Living in Turkmenbashi for four weeks

by Ollie, 13/02/2014 

At the moment myself and Alison are living it up in California, if only for a little while. Before we went on our holiday though, I was working in Turkmenistan for four weeks. Our next post will be all about California and its delights, but first some more on Turkmenistan. 

As neither the tug or dredger had any accommodation, I was living in a hotel while over there.
Every day we would be ferried to and from the project area in a van with a local driver.

Turkmenistan is an interesting place, Wikitravel mentioned vast deserts, a hotspring in a cave somewhere in the mountains and a crater where natural gas has been burning since the 1970s.
There are also a lot of ancient ruins on the Silk Road to be found across the country and I would have loved to visit the lot of them, but alas, work did not allow it.

Turkmenbashi, the city we were staying, does have a bazaar which I was able to visit during my free time. It's a big market place where you can get local food and wares like sturgeon, a fish only found in the Caspian Sea, and tapestries. But of course you can also get Western stuff there like clothes, dvds and electronics. 
It's a place where cultures blend. The mixing of cultures can also be seen in the local people. Most have either Slavic or Turkic/Persian appearances but in some people you can detect the genes left behind by Genghis Khan and his Mongol hordes.

Translation please
Most people have very little English or none at all, so it's very hard to have a conversation. I tried having one with the man who I bought some fruit off at the bazaar but neither of us understood one word the other was saying.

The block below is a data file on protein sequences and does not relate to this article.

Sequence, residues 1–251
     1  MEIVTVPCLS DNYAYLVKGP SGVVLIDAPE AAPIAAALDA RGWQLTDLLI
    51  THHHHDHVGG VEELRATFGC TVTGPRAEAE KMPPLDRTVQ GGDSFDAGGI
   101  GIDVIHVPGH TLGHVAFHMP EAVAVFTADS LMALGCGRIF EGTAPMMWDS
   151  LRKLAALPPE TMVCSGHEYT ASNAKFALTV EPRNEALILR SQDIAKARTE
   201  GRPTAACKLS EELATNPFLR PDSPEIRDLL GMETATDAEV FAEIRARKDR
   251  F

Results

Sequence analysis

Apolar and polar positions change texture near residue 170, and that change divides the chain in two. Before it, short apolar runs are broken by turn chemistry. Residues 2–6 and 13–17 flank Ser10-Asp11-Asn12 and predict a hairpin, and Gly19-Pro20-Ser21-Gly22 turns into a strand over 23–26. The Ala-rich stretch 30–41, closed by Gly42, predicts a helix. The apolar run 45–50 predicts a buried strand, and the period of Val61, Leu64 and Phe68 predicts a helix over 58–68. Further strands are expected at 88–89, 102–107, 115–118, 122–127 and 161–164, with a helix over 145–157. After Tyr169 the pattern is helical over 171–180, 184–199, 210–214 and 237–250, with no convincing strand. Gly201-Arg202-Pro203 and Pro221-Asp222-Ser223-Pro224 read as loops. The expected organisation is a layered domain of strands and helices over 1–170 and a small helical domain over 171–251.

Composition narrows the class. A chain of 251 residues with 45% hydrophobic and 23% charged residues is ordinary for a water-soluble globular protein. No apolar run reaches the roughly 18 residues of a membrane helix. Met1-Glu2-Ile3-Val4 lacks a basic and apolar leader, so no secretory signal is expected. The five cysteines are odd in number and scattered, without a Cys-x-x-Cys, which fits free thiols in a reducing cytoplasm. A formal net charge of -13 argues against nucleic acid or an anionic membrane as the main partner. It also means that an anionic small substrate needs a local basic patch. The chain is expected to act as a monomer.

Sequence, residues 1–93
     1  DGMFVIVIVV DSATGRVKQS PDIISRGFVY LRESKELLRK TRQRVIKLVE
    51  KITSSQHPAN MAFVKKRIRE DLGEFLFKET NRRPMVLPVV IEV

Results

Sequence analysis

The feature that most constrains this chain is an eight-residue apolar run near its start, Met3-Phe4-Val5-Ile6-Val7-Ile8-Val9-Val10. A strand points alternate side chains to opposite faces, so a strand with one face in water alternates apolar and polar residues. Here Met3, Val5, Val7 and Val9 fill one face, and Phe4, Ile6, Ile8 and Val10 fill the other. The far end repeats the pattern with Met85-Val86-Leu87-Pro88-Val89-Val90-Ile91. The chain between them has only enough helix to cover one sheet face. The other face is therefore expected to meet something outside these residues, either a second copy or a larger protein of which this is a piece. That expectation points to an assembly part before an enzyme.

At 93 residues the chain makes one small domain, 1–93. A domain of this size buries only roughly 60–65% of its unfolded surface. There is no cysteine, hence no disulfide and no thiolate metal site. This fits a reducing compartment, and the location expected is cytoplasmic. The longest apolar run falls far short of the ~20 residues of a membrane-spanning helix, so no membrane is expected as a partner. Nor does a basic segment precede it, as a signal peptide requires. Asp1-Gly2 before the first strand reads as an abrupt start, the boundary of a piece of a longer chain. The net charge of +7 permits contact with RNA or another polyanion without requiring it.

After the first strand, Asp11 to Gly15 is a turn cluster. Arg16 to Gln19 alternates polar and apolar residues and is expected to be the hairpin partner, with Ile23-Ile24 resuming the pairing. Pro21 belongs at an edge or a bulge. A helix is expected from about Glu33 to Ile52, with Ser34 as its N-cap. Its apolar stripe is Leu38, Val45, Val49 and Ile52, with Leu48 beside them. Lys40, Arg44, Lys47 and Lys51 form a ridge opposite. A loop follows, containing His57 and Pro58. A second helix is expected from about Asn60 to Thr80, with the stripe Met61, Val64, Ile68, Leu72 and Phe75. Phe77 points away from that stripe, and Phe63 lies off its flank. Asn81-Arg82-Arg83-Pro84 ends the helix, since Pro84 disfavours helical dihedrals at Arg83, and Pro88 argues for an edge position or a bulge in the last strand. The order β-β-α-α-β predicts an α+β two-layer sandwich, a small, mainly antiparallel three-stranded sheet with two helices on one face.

The one person who did have decent English was the driver who brought us to the ship every day. From him I kind of gathered how the country works.

Like the majority of people in Turkmenbashi he is an ethnic Russian. In the country as a whole they form a minority though. As a consequence they are discriminated, for example the Russians need to pay tens of thousands of Euro if they want a job in the civil service or if they want to go to college, whereas native Turkmen don't.
The country is very rich in natural gas and oil and thankfully the whole population benefits from that. Well sort off.
A lot of daily basics are subsidized and every month everybody gets a certain amount of free petrol. But a lot of the revenue gets spent on preposterous projects like big hotels and convention centers that are never used and are just prestige projects for the regime.
No doubt a lot of the revenue ends up in the pockets of the regime and their inner circle.

Police are everywhere.
This guy was on the hotel grounds, not a good idea to
take photos of them, but he didn't notice me
Turkmenistan is a proper police state, men in uniform are everywhere, as are pictures of the Turkmen president. You’ll see his face on buildings, the front pages of the local papers, on billboards over the motorway and even in the lobby of the hotel we are staying. You can get in serious trouble for insulting the man.

I doubt there is much freedom of speech, all the social media websites were blocked and all the newspapers are state owned and don't seem to report much other than to say how great their president is.